douwe_maan: of an extrafational layer that has full visibility in entire datatack and all of

406
00:26:40,416 –> 00:26:45,083
douwe_maan: the different components also allows us to realize functionity like this that

407
00:26:45,208 –> 00:26:50,583
douwe_maan: previously would be hard to to realise in combination with the fact that since

408
00:26:50,833 –> 00:26:55,791
douwe_maan: we want to get data into the habit of versioning their change just and being

409
00:26:55,958 –> 00:26:59,291
douwe_maan: able to you know, describe with a Quickmit message why you made a certain

410
00:26:59,541 –> 00:27:03,291
douwe_maan: change, it will also be much more easy to trace back a particular error that

411
00:27:03,291 –> 00:27:07,208
douwe_maan: arose to the specific change that triggered it, which you can then trace back to

412
00:27:07,208 –> 00:27:10,125
douwe_maan: the Cod review conversation, where it was you know, signed off by another team

413
00:27:10,250 –> 00:27:13,458
douwe_maan: member, and they. Can trace expected specific issue that that prompted that

414
00:27:13,541 –> 00:27:17,708
douwe_maan: change to begin with, and just as this lineage it doesn’t just go through the Li

415
00:27:17,958 –> 00:27:21,625
douwe_maan: data through the data pipeline all the way to the point of data ingestion, but

416
00:27:21,708 –> 00:27:25,458
douwe_maan: actually also goes into the the meta level of the team. That that made this

417
00:27:25,625 –> 00:27:32,166
douwe_maan: change, and why is extremely powerful and seeing Um, your your data pipeline as

418
00:27:32,250 –> 00:27:36,583
douwe_maan: a type of software, Um, all the way from the ingestion piece to the the

419
00:27:36,583 –> 00:27:41,000
douwe_maan: Dashboard report definition, and the sequelqueries in Robia application, Um, is’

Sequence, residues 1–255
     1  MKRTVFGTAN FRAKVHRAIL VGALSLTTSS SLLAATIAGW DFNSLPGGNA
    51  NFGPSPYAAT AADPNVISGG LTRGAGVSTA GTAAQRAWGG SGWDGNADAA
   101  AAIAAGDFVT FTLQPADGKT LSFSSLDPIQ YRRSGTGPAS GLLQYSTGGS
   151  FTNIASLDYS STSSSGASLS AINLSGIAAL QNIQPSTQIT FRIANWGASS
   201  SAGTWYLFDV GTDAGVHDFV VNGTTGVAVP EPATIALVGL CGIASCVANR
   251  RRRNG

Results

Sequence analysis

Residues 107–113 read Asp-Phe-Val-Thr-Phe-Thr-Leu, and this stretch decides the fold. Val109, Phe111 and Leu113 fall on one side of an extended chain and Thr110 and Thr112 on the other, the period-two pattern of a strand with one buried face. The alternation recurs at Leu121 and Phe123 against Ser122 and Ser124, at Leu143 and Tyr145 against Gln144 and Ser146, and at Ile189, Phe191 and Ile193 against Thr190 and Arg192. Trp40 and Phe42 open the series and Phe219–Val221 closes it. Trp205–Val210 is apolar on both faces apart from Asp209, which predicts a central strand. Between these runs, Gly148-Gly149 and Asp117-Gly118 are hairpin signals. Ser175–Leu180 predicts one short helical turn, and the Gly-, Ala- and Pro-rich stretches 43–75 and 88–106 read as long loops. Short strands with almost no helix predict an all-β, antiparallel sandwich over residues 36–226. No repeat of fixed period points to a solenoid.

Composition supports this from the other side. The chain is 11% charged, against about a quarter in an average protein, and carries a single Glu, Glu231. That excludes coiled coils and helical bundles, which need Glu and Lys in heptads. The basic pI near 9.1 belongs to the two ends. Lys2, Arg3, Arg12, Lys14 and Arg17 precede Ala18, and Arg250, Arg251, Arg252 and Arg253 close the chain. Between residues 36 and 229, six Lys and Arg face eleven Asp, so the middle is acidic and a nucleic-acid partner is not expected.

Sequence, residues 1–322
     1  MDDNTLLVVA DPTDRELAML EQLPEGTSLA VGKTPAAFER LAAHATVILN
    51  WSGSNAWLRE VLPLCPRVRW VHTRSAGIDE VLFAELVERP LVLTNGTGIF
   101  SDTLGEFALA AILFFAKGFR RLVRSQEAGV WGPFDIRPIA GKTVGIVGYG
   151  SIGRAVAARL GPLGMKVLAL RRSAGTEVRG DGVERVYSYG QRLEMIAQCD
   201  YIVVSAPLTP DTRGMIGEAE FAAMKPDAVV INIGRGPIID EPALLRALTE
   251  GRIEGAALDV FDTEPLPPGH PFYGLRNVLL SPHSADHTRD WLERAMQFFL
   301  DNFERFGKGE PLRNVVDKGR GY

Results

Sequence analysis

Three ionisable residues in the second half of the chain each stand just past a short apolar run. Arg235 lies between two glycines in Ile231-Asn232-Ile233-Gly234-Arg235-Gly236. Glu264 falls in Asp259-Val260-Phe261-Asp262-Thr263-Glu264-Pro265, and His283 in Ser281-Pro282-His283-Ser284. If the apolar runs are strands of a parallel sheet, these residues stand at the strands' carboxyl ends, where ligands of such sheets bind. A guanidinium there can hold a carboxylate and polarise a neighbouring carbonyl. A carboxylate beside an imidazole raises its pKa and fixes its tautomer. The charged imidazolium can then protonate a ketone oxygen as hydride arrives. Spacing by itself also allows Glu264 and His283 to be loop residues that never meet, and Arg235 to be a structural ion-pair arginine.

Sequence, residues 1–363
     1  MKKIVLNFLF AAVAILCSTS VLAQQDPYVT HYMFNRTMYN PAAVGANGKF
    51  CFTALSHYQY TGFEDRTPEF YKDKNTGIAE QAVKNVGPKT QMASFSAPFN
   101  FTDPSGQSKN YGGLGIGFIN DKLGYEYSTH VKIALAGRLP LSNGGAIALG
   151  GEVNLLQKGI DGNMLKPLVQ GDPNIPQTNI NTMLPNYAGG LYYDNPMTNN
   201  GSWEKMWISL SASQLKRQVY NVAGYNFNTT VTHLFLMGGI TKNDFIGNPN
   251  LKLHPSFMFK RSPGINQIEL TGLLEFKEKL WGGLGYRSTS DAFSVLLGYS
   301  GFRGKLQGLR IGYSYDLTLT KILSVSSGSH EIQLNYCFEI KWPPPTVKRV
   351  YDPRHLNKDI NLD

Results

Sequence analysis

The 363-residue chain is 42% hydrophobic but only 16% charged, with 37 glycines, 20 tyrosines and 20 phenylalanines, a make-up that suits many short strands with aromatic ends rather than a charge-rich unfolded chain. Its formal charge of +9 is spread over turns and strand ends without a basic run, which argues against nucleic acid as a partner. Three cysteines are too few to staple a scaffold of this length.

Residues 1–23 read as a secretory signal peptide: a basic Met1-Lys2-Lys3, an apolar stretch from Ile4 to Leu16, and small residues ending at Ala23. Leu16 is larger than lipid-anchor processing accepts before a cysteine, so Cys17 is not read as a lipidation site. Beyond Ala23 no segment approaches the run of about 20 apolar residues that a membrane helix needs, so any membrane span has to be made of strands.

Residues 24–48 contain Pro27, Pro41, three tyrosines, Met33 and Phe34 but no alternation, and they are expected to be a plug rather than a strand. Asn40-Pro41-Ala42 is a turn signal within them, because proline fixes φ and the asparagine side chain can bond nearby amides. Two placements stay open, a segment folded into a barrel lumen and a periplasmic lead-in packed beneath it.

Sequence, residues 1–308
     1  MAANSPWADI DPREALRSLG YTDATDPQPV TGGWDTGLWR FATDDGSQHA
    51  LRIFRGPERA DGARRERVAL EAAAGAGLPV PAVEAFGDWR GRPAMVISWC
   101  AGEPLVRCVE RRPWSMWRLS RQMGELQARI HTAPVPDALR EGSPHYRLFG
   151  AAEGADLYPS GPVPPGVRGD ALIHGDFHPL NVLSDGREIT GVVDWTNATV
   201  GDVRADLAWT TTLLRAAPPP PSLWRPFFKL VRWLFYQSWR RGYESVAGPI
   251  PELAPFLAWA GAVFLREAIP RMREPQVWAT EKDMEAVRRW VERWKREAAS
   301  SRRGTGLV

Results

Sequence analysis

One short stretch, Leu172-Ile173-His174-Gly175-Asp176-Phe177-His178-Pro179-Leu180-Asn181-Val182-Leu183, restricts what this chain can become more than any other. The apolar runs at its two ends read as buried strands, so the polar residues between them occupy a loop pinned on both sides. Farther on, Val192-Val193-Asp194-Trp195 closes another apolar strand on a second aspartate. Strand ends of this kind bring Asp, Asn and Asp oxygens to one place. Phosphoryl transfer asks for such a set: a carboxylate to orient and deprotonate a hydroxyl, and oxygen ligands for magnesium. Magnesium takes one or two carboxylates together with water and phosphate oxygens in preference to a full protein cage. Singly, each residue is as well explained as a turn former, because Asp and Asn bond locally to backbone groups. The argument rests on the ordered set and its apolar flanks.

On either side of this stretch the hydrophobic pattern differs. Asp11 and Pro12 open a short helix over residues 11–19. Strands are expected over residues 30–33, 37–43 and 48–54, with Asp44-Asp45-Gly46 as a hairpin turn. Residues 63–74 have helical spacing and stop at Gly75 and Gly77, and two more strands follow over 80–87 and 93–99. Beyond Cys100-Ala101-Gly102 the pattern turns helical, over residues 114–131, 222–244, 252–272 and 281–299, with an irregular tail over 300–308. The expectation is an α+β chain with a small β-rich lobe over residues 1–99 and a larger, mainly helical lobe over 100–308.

420
00:27:41,125 –> 00:27:44,250
douwe_maan: something that the software development space ten years ago hadn’t really caught

421
00:27:44,333 –> 00:27:47,291
douwe_maan: on too yet either, Like I remember when I started Know programming almost

422
00:27:47,375 –> 00:27:51,458
douwe_maan: eighteen years ago. now that I would just sign in over f t, p. To some life

423
00:27:51,625 –> 00:27:56,416
douwe_maan: production web serveurr download a ph P file, Make changes uploaded back and

424
00:27:56,500 –> 00:27:59,875
douwe_maan: then go through the main website to see if I did break something. and now it

425
00:28:00,333 –> 00:28:04,666
douwe_maan: unthinkable, but to me the way a lot of things work in Data Land still look like

426
00:28:04,916 –> 00:28:09,458
douwe_maan: something that I thought of as something of the past. But what I want to say?

427
00:28:09,625 –> 00:28:12,666
douwe_maan: what I wa to add to, kind of ask some coolor to what you were saying earlier

428
00:28:12,833 –> 00:28:16,250
douwe_maan: about Wow, Data can learn from software development. I think in the other

429
00:28:16,500 –> 00:28:20,666
douwe_maan: direction too. I think there’s a big opportunity for software engineering teams

430
00:28:20,833 –> 00:28:25,291
douwe_maan: and data teams to start feeling more like you said. Like kind of two sites of

431
00:28:25,291 –> 00:28:29,458
douwe_maan: the same coin, or or way more similar than they are different, Um, data

432
00:28:29,708 –> 00:28:33,083
douwe_maan: engineering and and data work more as a subset of software engineering and

433
00:28:33,083 –> 00:28:36,666
douwe_maan: anything else, Because what I’m also seeing is that software engineers that need

434
00:28:36,833 –> 00:28:41,708
douwe_maan: to do things like pulling data from various Ap, is transforming it in some way,

435
00:28:41,875 –> 00:28:46,125
douwe_maan: and in presenting it to the user in U. I. They don’t know what the right terms

436